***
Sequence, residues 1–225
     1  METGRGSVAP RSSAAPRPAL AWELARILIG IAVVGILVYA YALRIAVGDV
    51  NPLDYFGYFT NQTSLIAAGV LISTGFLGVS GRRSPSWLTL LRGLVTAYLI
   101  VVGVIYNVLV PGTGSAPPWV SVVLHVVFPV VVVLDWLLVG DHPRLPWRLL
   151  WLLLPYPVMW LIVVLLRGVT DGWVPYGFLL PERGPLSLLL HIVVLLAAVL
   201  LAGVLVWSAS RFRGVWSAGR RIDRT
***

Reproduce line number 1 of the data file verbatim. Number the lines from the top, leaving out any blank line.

Sequence, residues 1–225